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Since he began painting around 1982, Paul McCartney had amassed some 600-odd canvases in his Sussex home. But it was not until 1999 that he had his first exhibition, in Germany. Wolfgang Suttner, curator of the Siegen Art Centre, urged on by his daughter, an avid Beatles fan, in turn prevailed upon the more than somewhat reluctant artist to show his work. As McCartney told the editor of Modern Painters, he realised that people would really be interested and he might even give them pleasure. This autumn sees the publication of a book based on the show, which will allow a wider audience — including Paul McCartney’s legion of fans — to enjoy an original painterly talent.
Karen Wright: Before you began painting seriously, you had already been collecting over a number of years. Can we start from there? How did it begin?
Paul McCartney: I can’t remember the kind of thing I used to buy. First of all I came down to London and that’s when I started collecting because I had a bit of money. So I used to go round the galleries. I would like to say I am not a great expert on anything — I have fragments of knowledge but I am not a great expert. I am not a great expert on music either. I used to hang around some of the galleries in London just for fun and I bought a little Cocteau drawing, which I had on my wall. And then it started seriously when I met Robert Fraser because we became good pals and we just talked art all the time. Robert had a lot of pieces in his apartment and I said that’s nice and he’d say it’s for sale.
KW: Why did so many music people hang around Robert Fraser?
PM: I think he hung around with music people because he was attracted to them. It was the happening scene – it was where all the energy was coming from. A lot of artists like Peter Blake were into music and there was a kind of crossover that happened naturally. Robert would either come over to my place or we would go around to his place or we would go out to dinner. And he might say, do you know Takis? I’d say no, and he’d say, he’s a very interesting sculptor, a cool sculptor, and I’d say what kind of thing? And he’d say long tank aerials, that kind of thing, so we’d go and see him. We’d all just get in my car and drive down the Fulham Road where he used to hang out with Takis for a little while. So I got this kind of very informal education which is how I like my education. I have never been good with the formalities — in music or anything.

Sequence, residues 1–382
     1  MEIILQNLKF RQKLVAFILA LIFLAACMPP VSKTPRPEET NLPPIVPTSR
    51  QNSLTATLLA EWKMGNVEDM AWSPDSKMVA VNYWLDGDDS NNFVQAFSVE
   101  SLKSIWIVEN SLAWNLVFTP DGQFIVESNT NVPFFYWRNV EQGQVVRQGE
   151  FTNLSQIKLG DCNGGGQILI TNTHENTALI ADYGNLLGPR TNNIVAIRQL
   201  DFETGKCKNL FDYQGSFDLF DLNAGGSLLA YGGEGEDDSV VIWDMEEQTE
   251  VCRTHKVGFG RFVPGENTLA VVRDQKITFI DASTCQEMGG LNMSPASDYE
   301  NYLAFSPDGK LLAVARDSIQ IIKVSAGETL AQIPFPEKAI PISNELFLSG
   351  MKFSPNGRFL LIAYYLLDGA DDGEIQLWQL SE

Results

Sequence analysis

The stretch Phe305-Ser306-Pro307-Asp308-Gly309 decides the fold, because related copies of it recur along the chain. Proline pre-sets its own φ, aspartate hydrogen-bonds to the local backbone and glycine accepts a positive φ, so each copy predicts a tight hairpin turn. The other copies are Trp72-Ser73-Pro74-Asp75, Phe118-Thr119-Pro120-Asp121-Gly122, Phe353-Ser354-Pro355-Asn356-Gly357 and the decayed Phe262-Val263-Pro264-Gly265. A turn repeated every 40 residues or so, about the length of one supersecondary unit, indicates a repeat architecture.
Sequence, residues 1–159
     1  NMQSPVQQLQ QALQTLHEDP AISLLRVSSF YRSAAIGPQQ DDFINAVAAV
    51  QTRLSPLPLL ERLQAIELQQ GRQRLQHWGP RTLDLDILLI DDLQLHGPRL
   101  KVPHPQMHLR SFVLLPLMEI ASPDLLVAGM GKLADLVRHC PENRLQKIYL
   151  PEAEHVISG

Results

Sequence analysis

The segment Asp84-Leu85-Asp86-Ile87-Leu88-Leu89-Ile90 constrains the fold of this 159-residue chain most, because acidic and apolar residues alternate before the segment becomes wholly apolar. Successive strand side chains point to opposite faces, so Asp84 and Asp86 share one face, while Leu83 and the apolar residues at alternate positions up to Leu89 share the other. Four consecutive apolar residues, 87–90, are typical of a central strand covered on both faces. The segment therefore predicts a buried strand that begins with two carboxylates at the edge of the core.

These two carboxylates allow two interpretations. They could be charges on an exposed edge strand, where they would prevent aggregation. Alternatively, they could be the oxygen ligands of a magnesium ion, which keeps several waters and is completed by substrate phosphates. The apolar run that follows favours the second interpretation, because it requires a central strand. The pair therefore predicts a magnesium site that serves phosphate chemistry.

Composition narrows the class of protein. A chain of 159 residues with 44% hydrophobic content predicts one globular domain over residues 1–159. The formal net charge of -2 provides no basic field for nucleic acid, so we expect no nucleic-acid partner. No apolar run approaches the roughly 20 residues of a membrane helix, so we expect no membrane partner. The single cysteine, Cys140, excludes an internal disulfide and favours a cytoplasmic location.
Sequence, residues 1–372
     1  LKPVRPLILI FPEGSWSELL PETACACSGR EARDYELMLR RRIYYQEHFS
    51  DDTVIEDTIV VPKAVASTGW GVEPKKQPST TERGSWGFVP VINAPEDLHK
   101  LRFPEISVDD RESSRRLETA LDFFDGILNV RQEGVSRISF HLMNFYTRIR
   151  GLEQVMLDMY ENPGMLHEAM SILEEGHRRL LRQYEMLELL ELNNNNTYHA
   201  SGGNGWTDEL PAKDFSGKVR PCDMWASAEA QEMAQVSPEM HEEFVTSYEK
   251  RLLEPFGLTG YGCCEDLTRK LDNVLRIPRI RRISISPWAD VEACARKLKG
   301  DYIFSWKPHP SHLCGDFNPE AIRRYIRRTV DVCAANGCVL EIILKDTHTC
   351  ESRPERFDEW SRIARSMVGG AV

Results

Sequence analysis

KW: There’s no defensiveness in this comment?
PM: Only in my mind, because — yeah, it is just a sort of snobby thing — because there are people who know more than I do. And I suppose the rationale is that therefore they ought to be better than I am. So I’m being defensive, and when I do an interview, particularly like this one that’s not my main field, I want to own up first that if you’re looking for exact names or titles… it’s not a defence, more a disclaimer. I don’t want people to be reading this thinking, bloody hell! That’s completely wrong, he doesn’t know. I like the primitive approach, so if I learn to sail I don’t take sailing lessons. I get into a boat and I capsize a lot. It’s actually very much my philosophy and it works equally well in painting and in music. I learnt the freedom thing through the Beatles with all the kinds of worries originally, where we would look at the music world and think would we ever be a part of that? What I was always very glad to find out later was that all those people who were the establishment weren’t necessarily any better than you. It just looked like they were.
Back to Robert Fraser. We would go to all these painters, and that’s when I got to know Alan Jones, Paolozzi, Takis. And when I developed an interest in Magritte, for instance, which became one of my passions, Robert would say: why, I know Isoles [Magritte’s dealer]. So I’d say, great! And we’d go over to see Alexandre [Isoles] and have dinner with him. He lived over the shop so we’d go down after and there would be these beautiful Magrittes, and I bought some wonderful ones, which I still love and have.
The definitive moment with Robert and me was when I was in London, and I was filming a singer, Mary Hopkins, in the garden. Robert arrived, got let into the house, then left. And when I came back in I found he’d propped up this little canvas by Magritte on the table where he knew I’d see it. It was a big green apple, and written in lovely cursive writing was Au revoir, and Robert had put it there like a conceptual thing — he’d just left and au revoir-ed. It was a golden moment. It’s still one of my favourite pictures of all time.
The apple logo came from that — the green apple idea came from that picture. That was Robert. The next most influential person was Linda. Linda was very knowledgeable because her father was a great collector of mainly Abstract Expressionists. He was a lawyer in New York — Lee Eastman. When you went to his house there were a lot of fine paintings — he had Rothkos, and he knew a lot of these people, that was the other exciting thing. He knew Motherwell, he knew Lindner. So I got to meet Lindner through Lee, I got to meet de Kooning through Lee. I got introduced to a wider range of things and actually I so respected him.